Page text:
MegaCorp Stock – Trading on the Familiar

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I met a friend of my wife’s at the garden center this past Monday morning who retired a few years ago after 30+ years at a local MegaCorp.  We were talking about the negative fortunes both our former employers have shown in their stock price.  Both companies have seen much better days – down 25-40% from their peak a few years ago.

He knew a lot about the stock performance of both companies because he spends a lot of time day trading – buying & selling stocks within relatively short trading windows.  He said he trades stock of his own former MegaCorp quite a bit – when he was working he was actually ‘investigated’ because he was trading the stock so much (he was a scientist, not an executive or officer of the company).

Even after being retired a few years, he said he still traded his MegaCorp often because he had “worked there so many years” he felt like “he knew exactly how the company was doing” – better than others in the market.

Frankly, my experience couldn’t be farther from his.  Even when I was an executive officer of a large MegaCorp – and sharply restricted by insider trading requirements – I had a very hard time predicting the movements of the company’s stock price.  While I might have been close to the details of our operating performance in a given quarter, there were always accounting adjustments, pension requirements, foreign exchange, and other hard-to-predict financial dynamics that made predicting stock performance difficult.

On top of that, investor sentiment is impacted by what experts call ‘second-level chaos’ theory.  That is, the outcome of it is influenced by what people predict the outcome will be.  Unlike the weather – that is what it is – stock prices sometimes run up in advance of an announcement (‘buy on the rumor’) and then sink even though the results are positive – but maybe not as positive as what people predicted (‘sell on the news’).  Imagining how predicted results & actual results will line up is second-level difficult.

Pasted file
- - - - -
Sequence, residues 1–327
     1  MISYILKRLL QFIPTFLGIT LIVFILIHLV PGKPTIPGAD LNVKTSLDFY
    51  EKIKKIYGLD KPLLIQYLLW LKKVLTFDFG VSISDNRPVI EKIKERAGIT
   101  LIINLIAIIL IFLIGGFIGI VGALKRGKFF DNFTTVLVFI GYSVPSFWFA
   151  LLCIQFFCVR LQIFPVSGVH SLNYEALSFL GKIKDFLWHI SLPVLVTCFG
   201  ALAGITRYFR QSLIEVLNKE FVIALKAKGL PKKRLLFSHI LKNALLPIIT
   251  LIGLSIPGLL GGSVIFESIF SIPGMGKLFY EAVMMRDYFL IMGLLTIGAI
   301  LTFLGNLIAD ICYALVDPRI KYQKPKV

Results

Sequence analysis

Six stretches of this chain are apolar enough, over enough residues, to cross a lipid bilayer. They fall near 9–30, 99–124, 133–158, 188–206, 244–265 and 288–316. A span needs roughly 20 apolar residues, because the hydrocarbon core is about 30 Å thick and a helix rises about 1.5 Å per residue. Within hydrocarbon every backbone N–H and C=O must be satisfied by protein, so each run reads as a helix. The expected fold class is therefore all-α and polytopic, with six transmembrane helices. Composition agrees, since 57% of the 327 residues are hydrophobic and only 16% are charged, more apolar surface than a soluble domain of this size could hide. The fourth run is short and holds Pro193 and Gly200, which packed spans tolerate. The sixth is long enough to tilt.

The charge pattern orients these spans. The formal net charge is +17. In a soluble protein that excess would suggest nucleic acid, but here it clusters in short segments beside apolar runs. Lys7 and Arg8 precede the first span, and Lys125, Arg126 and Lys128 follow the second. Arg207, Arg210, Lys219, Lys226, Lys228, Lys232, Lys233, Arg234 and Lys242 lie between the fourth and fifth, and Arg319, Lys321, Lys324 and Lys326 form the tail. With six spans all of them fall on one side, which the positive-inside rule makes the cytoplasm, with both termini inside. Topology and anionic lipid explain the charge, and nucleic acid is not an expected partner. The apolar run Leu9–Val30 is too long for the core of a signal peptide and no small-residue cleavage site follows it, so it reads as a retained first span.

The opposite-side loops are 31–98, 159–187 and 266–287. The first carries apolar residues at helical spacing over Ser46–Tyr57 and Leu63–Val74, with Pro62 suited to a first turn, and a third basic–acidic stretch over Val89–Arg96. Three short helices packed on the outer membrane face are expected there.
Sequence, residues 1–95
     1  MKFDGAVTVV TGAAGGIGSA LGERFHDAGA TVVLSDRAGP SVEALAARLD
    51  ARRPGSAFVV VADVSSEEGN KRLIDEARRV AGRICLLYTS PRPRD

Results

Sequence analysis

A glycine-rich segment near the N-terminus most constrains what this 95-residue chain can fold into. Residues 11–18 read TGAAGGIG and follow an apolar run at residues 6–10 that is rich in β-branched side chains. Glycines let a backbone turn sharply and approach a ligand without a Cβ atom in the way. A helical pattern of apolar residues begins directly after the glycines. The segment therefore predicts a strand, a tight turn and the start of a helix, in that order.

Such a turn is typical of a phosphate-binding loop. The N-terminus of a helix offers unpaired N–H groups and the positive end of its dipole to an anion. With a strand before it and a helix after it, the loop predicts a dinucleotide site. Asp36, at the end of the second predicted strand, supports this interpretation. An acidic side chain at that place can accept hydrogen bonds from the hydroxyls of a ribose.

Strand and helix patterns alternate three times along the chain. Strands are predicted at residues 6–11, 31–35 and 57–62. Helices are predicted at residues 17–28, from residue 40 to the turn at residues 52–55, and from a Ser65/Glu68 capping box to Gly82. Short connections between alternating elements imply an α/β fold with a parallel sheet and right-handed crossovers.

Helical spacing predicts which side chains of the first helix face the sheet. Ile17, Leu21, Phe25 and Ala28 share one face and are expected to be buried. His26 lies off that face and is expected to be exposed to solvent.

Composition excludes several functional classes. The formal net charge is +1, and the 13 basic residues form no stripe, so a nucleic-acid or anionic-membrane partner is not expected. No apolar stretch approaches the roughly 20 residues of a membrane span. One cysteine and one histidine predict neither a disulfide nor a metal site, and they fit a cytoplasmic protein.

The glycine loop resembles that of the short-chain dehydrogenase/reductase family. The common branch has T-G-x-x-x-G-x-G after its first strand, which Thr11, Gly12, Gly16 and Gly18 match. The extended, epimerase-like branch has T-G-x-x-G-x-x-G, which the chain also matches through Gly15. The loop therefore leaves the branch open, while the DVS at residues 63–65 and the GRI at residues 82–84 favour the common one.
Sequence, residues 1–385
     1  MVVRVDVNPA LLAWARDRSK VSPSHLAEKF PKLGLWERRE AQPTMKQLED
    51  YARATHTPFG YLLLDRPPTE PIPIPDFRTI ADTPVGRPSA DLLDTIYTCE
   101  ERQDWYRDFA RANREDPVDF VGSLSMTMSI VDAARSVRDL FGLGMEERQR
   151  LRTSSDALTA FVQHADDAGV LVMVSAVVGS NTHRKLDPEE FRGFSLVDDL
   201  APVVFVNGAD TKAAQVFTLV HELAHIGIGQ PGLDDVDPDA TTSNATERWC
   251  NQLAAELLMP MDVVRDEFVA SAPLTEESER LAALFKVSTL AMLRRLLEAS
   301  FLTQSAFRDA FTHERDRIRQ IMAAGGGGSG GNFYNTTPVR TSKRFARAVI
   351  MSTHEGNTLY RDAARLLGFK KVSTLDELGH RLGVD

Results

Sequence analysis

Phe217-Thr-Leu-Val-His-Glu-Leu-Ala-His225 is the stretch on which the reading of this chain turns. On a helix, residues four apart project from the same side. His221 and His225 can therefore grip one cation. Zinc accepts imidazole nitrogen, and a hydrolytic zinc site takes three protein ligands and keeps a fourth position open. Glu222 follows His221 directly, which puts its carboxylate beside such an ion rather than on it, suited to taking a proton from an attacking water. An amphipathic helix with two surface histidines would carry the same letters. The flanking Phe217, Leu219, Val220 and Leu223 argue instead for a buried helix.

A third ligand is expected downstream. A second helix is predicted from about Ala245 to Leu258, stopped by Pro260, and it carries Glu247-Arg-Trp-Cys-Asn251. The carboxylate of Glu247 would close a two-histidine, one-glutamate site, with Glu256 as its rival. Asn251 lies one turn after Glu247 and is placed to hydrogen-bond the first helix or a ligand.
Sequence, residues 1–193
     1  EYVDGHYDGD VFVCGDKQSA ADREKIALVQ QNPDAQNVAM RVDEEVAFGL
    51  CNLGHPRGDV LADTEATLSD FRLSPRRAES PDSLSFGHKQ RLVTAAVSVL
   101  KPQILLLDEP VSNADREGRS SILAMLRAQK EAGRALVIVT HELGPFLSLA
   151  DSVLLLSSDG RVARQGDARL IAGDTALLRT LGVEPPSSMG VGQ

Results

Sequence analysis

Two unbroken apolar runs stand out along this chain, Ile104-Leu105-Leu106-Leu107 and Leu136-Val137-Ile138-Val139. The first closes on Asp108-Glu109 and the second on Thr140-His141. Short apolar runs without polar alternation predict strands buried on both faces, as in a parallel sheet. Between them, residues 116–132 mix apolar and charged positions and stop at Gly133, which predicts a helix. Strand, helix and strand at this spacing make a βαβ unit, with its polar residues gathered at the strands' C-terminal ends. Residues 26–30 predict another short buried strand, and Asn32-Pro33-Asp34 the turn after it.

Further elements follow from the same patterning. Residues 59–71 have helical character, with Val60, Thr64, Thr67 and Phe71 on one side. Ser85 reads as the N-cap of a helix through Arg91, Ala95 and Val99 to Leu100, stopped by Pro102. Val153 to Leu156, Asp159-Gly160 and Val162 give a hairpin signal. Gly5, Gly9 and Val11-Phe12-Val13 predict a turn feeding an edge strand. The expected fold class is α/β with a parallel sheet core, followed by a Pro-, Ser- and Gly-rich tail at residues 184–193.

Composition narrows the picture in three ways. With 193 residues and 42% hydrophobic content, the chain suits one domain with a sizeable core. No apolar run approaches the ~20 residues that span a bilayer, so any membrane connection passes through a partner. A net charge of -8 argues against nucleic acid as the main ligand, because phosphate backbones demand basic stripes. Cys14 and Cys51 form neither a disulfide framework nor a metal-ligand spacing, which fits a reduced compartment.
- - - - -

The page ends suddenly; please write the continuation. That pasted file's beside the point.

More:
For these reasons, and the fact that your retirement, pension, and health insurance may already be counting on your former MegaCorp’s stock performance, I feel it’s too risky to spend too much time playing day-trader on your employer.  If the whole company was in sudden chaos, you’d be in big trouble. So, I prefer to keep it simple with a low-cost equity index fund that captures all of the markets successes (that hopefully overcome the markets shortcomings).

How much focus do you put on trading your employer’s / former employer’s stock?

Image Credit: Pixabay

10 thoughts on “MegaCorp Stock – Trading on the Familiar

  1. With exception of personal relationships, I keep everything about former employers in my rearview mirror – especially financial investments. I divested as quickly as permitted (as I think you are). As much as is humanly possible, investments should be devoid of emotions. That’s why index funds are ideal for many.

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  2. I absolutely agree with you. Even the CEO of a company has a hard time predicting stock movements, hard to imagine that a scientist would have an edge. There may be some situations where an edge exists… perhaps for small cap companies where a new product or breakthrough has yet to be announced, but that would be “illegal” to make use of the edge.